In the spring of 2017 Roman Nasirov allegedly fell ill right at the time when he was placed under custody under corruption allegations. Photo: Elvina Seitbullaeva.
On December 11 Ukrainian society was hit by the news of Roman Nasirov, ex-head of the State Fiscal Service of Ukraine, being reinstated at his position. Nasirov is suspected in causing UAH 2 bn ($73.7mn) of damage to the state. He is a suspect in the so-called gas case of the runaway oligarch and ex-MP Oleksandr Onyschenko
The case against Nasirov was the first high-profile investigation by two new anti-corruption institutions created after the Euromaidan Revolution under the demand of civil society – the National Anti-Corruption Bureau (NABU) and the Specialized Anti-Corruption Prosecutors Office (SAPO) – which was supported by Ukraine’s western partners.
NABU and SAPO specialize in investigating top-level corruption. The case against Nasirov was the very first proof of the effectiveness of the two. Before, top-officials like him were considered untouchables in Ukraine. After some time of NABU and SAPO’s work, it became clear that investigation is only a part of the job. The cases have to be finalized in courts and this where the problems start. During the three years of NABU and SAPO’s work, Ukrainians saw many investigations against top-officials. But by August 2018, only two verdicts had finished with sentences.
Civil society activists sounded the alarm, claiming that the cases are simply stuck in Ukraine’s unreformed courts.
“54% of the hearings we attended did not take place. The majority (64%) of them because court members were absent: vacations, sick leave, and participation in other cases. 42% of hearings lasted less than 30 minutes. That is why in fact the cases are considered over two to three years,” said Vadym Valko, a coordinator and the analyst of the monitoring of the Council for Public Control at NABU.
This problem made civil society advocate the idea of creating a High Anti-Corruption Court specially for cases on top-corruption. The process of selecting judges for it is expected to be completed in February-March 2019.
Until then, cases in anti-corruption are considered by the old courts.
Hopes for renewing justice were high after Nasirov’s arrest
In March 2017, Nasirov was arrested over his involvement in the gas case related to Ukraine’s runaway oligarch and ex-MP Oleksandr Onyschenko. According to investigators, the Fiscal Service head allowed Onyschenko’s companies to avoid taxes and necessary fees.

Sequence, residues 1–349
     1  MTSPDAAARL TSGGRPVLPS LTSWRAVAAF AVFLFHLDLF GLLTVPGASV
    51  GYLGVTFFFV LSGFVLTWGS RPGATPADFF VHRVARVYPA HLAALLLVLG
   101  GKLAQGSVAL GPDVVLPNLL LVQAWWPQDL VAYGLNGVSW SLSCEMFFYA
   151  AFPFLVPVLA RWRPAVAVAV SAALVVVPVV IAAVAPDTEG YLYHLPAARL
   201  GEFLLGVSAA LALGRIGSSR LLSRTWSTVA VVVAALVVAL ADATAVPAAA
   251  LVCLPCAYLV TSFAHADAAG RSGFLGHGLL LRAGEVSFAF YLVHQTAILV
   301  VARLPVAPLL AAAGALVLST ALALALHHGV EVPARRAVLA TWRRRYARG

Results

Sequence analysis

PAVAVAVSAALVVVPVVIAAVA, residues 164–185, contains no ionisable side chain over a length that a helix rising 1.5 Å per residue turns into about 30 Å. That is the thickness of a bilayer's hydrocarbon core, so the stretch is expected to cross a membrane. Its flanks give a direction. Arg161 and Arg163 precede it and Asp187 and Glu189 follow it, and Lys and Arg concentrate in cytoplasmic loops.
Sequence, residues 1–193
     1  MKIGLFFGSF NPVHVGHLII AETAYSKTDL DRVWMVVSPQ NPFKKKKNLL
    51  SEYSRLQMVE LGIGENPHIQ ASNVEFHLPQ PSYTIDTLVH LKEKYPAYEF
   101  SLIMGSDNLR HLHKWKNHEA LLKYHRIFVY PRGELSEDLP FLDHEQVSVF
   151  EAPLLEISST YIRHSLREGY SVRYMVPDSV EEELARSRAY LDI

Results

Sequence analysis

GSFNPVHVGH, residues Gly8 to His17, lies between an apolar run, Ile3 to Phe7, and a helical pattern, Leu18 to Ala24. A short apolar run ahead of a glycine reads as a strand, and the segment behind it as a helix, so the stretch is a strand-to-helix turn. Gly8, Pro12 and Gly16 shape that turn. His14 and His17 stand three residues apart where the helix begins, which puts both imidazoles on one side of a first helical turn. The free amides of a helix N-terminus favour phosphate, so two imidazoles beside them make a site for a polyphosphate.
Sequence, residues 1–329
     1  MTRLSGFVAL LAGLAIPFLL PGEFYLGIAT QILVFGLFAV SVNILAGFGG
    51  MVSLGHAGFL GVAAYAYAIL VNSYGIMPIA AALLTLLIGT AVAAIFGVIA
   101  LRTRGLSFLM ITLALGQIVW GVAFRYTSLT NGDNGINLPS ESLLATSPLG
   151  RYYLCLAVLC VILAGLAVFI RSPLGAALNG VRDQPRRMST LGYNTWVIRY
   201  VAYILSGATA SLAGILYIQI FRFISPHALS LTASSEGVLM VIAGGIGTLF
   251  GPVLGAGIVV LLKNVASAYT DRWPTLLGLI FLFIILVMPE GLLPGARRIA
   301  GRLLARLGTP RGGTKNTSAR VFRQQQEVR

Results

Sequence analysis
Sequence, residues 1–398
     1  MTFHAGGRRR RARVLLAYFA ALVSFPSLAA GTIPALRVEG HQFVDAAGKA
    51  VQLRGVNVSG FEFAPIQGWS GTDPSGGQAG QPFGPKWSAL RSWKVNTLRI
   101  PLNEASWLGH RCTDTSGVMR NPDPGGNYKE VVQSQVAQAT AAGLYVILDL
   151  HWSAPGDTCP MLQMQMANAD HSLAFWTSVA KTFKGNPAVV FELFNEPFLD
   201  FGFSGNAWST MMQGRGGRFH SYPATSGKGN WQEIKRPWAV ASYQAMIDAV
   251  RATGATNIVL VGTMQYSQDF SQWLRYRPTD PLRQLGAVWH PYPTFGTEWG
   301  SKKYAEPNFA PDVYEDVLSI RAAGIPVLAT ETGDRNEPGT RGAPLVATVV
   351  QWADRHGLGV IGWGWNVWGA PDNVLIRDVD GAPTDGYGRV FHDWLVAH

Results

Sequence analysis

Nasirov is also suspected of interfering in Ukraine’s electronic administration of VAT.
Both investigations can lead to a long prison sentence.
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But some expressed doubts whether Nasirov would be convicted.
“First of all, I am a lawyer, and I can’t say for sure now that Nasirov will be convicted. But if hypothetically it happens, people would renew their feeling of justice. That a person who broke the law serves his sentence. And this is the most important thing we should aim for,” Oleksandr Liemienov, the head of StateWatch NGO told Euromaidan Press.
In March 2017, Kyiv’s Solomianskyi District Court chose a preventive measure for Nasirov – 60 days under arrest with an alternative of a UAH 100 mn pledge ( $3.6 mn) paid by his wife. Also, Nasirov was suspended from his duties. In January 2018, the Cabinet of Ministers of Ukraine dismissed him from the position of the head of the Fiscal Service. Roman Nasirov filed a lawsuit against the Cabinet of Ministers and the Fiscal Service, and claimed that the case against him was directed at “impeding his political activity, and that “political opponents” feared his “real fight against corruption and changes in the Fiscal Service system.”
And after a year and a half of court hearings on the case, the worst fears of society came true.
On December 11, Kyiv’s District Administrative Court decided to reinstate him in his position, stating that he was fired without adhering to the necessary procedures and that the defendants did not prove there were grounds for Nasirov to be fired. The court also decided that Nasirov should be compensated UAH 184,000 ($6,637) for the period of his forced absence, Ukrayinska Pravda reported referring to the court decision.
Nasirov’s reinstatement is to be implemented immediately, the court ruled.
This particular court is one with a nasty reputation, Mykhailo Zhernakov, director at the DeJure Foundation stated. According to him, the Kyiv District Administrative court was created during the times of disgraced ex-President Yanukovych to make politically motivated decisions. The court has not been reformed in any way, and none of its judges have been fired despite unlawfully repressing Euromaidan activists during the protests of 2013-2014 and making the decision for the Berkut riot police to forcefully disperse it, Zhernakov claims.
However, the trial against Nasirov is ongoing – prosecutors are reading the indictment. The Cabinet of Ministers plans to appeal the decision, Vadym Denysenko, Prime Minister Volodymyr Hroysman’s representative to Parliament, stated. He claims that the Cabinet’s decision to fire Nasirov was perfectly legal.
In summer 2018, Nasirov stated that he is planning to campaign for the chair of the president of Ukraine.